Real life self defense is different from the dojo

Defending yourself for real is nothing like what you do in training, at most dojos anyhow.

Neutralizing a violent person’s attack on you may look exciting in the movies, but it is quite difficult to do in real life. And doubly so if you’re trying not to hurt your attacker.

Every street-fighter knows it’s a lot easier to pick up a gun or a baseball bat and stop the guy who’s running at you… but that’s unskilled brute force.

It is also combating violence with more violence, and that is something Aikido’s founder, O-Sensei, Morihei Ueshiba, preached against doing.

In his later years, O-Sensei saw violence as a form of temporary insanity.

Aikido techniques are mostly defensive, and they certainly can be but, think about it, some Aikido throw can be completely devastating to some attacker who does not know how to breakfall safely.

You aren’t hitting them with your fist, you are effectively hitting them with the whole planet!

The Aikido techniques put together by Morihei Ueshiba came mainly from a Samurai combat system of Jujitsu called Daito Ryu.

Those ancient Japanese warriors used weapons like swords, spears and bows and arrows during combat, but learned their grappling techniques as their “ace in the hole” for desperate situations, such as having lost or broken their weapons in the middle of a raging battle.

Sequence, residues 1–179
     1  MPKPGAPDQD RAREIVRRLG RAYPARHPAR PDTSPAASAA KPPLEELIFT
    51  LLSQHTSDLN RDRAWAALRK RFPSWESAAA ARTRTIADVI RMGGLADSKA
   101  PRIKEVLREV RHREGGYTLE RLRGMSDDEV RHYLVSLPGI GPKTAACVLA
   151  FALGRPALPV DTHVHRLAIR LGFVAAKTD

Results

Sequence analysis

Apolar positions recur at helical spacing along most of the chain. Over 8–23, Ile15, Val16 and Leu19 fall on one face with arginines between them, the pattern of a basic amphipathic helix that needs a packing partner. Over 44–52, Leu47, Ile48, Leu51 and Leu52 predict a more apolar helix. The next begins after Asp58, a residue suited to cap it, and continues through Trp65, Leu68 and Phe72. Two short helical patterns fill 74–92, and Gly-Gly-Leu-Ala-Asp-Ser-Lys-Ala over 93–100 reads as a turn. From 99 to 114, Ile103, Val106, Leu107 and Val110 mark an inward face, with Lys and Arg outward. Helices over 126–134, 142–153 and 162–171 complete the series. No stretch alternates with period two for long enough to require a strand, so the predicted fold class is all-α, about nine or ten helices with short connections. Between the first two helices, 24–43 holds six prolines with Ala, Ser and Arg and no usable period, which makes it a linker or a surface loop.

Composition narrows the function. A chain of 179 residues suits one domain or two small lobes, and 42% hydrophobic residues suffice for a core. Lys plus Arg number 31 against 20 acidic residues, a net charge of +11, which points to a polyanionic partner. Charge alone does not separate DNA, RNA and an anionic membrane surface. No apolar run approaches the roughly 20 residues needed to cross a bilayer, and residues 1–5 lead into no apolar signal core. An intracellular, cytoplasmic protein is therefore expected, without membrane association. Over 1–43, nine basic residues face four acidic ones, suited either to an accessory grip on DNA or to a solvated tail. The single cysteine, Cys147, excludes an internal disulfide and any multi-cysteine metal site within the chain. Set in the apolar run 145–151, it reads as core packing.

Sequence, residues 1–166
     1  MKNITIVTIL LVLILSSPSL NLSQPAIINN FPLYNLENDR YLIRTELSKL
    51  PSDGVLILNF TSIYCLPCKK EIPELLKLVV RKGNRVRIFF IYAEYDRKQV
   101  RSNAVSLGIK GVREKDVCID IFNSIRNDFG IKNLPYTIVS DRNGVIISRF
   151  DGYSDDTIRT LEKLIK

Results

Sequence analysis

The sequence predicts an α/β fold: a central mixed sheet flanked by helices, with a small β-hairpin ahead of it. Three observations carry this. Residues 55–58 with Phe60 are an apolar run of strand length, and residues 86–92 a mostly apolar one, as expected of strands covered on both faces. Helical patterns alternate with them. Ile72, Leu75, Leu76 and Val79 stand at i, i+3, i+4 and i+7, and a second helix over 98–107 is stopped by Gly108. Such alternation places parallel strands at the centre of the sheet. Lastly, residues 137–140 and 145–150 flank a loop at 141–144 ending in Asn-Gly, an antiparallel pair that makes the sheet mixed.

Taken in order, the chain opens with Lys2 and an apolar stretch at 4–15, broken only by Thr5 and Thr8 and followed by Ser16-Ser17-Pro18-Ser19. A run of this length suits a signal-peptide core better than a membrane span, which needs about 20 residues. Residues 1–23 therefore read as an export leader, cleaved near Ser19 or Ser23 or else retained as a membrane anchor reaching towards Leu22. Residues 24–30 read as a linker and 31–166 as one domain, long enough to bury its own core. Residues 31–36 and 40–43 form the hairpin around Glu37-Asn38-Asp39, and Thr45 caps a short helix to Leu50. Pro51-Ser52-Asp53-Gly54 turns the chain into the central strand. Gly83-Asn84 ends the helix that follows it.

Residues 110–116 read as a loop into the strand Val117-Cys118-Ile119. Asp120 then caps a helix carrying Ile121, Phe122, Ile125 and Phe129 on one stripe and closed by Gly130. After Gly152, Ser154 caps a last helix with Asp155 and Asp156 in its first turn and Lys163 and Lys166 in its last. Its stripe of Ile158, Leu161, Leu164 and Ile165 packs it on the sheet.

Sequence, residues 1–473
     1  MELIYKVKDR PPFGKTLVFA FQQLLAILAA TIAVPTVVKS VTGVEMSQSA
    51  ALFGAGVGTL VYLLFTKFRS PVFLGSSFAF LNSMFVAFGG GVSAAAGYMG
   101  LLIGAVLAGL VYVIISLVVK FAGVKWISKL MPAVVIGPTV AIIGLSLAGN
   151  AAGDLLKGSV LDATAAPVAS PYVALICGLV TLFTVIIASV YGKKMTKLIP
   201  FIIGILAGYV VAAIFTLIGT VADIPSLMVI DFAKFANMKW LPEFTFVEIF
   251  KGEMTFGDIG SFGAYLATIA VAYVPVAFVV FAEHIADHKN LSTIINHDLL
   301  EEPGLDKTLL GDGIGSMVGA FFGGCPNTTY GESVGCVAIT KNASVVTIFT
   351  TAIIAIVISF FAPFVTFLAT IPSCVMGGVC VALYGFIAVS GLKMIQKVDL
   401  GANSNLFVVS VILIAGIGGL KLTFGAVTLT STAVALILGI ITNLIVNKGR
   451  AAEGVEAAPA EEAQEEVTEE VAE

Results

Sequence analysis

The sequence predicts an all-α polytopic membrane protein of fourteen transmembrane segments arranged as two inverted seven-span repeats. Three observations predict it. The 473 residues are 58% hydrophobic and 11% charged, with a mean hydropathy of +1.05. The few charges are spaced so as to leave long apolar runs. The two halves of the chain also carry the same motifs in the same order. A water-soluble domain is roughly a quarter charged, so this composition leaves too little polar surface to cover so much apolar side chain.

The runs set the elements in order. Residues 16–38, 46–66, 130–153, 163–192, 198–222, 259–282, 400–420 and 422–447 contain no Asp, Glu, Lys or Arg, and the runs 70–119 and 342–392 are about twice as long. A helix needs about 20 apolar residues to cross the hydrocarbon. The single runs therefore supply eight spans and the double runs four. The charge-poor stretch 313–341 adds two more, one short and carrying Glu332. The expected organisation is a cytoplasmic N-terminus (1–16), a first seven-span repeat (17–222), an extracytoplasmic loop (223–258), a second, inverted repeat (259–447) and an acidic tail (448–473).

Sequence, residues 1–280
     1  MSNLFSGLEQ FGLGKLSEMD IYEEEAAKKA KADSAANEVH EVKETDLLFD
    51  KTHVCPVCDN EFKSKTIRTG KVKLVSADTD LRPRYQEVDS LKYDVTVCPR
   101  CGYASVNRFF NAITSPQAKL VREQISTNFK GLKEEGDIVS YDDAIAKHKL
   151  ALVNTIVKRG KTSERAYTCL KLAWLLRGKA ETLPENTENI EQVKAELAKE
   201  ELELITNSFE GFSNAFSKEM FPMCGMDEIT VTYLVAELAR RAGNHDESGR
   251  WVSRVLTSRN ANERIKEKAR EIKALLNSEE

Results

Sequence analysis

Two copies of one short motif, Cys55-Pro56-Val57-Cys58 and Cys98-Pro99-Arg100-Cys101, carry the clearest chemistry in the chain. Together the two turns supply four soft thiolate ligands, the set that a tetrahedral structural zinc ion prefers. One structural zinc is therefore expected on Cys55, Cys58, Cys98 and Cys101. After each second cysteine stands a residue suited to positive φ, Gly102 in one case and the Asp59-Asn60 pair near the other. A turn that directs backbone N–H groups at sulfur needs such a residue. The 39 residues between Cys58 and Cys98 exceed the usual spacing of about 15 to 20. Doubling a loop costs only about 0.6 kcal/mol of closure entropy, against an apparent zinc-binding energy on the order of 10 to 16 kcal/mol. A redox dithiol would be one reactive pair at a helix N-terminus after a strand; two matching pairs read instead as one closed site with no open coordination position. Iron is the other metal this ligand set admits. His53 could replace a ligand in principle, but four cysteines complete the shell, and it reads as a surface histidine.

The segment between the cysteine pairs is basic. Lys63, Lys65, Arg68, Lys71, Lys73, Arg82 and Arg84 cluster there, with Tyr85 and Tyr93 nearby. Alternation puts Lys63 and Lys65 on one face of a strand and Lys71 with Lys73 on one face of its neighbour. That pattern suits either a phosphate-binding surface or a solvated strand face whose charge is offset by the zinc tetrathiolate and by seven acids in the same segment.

It is no different for police officers and soldiers today, in the 21st century. Their weapons come first, but they are safer if they have unarmed fighting skills as well.

Bu do and Aiki do

Come the 20th Century, those Bu do* techniques were mastered and then refined by Morihei Ueshiba, who first coined the name Ai Ki Do, which loosely translates as “Way of Spiritual Harmony”. (*Bu-do just means Martial Arts, and Bushi-do means Way of the Warrior.)

They became Aiki-do techniques, designed to subdue but no longer to cripple or kill.

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